ACROSS: as in “The black rod is across the white rod.” “Tran” has been suggested, but it may be a little too close to “trans”.
AROUND: In English this word can indicate a location, a course or an approximation: “I will be around the bandstand at around three. Go around the fair.”. The ISV-derived “sirka” can be used, but a more compact Diinlang term is also desirable.
ABOUT: “The bricks are about the ball.” I considered the Portuguese “por”, although this has many alternate uses and may be too similar to prepositions such as “per”.
BESIDE: Whether a specific word for this is needed has to be decided. Combinations of existing words may serve instead, for example “ad siy” = “to (the) side”.
OPPOSITE: A term or word for this needs to be determined.
PASS: A word that can combine with directives to create terms equivalent to “overpass”, “underpass”, “bypass” etc.
BEYOND: this use may already be served by the word “vong”, meaning “yonder”.
AT: The English word “at” is derived from the Latin “ad” , meaning “to”. A literal equivalent does not exist in many languages, so I have tried to avoid it in Diinlang. Alternate words include “ad (to)”, “on (on)” and “veng (near)”.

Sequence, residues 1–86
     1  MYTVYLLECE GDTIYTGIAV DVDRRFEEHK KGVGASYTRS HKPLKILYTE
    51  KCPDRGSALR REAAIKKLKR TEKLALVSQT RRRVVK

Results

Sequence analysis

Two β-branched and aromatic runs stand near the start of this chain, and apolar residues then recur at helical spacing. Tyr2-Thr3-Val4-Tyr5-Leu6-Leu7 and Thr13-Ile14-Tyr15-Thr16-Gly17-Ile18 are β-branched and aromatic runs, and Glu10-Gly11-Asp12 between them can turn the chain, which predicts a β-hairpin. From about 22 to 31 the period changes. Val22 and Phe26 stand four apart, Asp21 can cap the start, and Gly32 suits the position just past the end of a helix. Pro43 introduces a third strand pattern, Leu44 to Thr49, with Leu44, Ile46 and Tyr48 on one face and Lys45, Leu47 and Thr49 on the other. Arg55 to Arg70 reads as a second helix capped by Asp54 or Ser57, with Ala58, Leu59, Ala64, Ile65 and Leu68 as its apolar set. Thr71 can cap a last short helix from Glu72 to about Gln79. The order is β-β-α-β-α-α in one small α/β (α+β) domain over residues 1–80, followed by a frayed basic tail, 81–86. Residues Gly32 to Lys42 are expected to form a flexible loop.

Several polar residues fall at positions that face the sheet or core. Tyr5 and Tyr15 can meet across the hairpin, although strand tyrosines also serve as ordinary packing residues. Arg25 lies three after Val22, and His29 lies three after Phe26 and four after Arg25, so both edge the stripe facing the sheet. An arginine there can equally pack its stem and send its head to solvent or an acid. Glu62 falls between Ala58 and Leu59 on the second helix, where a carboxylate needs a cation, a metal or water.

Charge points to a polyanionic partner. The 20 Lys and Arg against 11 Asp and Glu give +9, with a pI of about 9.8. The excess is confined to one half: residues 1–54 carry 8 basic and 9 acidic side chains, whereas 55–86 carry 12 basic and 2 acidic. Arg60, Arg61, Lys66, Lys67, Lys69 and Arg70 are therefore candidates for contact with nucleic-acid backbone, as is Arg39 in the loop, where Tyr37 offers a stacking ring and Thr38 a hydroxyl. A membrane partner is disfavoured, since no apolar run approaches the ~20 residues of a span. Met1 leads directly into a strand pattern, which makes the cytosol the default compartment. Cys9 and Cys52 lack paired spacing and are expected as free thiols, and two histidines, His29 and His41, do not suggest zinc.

BY: is another word for which a variety of other words can be used instead. These include veng, on, per and di.

Diinlang 2.0: Asking Questions.

Asking questions in Diinlang is very easy. The grammar of Diinlang resembles that of English but is more regular and simpler.
Asking a question in English often uses inversion. One says “Have you a phone?” instead of “You have a phone?”. English also makes use of “do-support” so the above inquiry might be “Do you have a phone?”. Diinlang makes use of neither mechanism, so the equivalent translation would be “Yu av je fohn?
In fact, a Diinlang speaker would generally add the interrogative “ke” to the sentence and say either “Ke yu av je fohn?” or “Yu av je fohn, ke?” As you can see, this may occur at either the start or the end of a sentence. In the initial position you can think of it as having a similar function as “do-support”, although the literal meaning of “ke” is not “do”. At the end of a sentence it is rather like how some English speakers will add “eh?” to the end of a question. Alternately, think of it as an audible question mark.
On its own, ke means “what?” It can be combined with a number of other words to construct alternative interrogations, which would usually be used at the start of a sentence. Some of the possibilities are:

Ke? What?
Ke do? Where? (What place/ area?)
Ke per? Why (What for?)
Ke tem? When? (What time?)
Ke zem/jhen? Who? (What person?)
Ke li? How? (What manner?)
Ke jeve/un? Which one? (What each?)
Ke ving? What is that/there?
Ke vang? What is this/here?
Ke ta? How much/big?
Ke taz How many?
Note that a different word (su) is used for who, what, which, that when they are used as relative pronouns for connecting parts of sentence.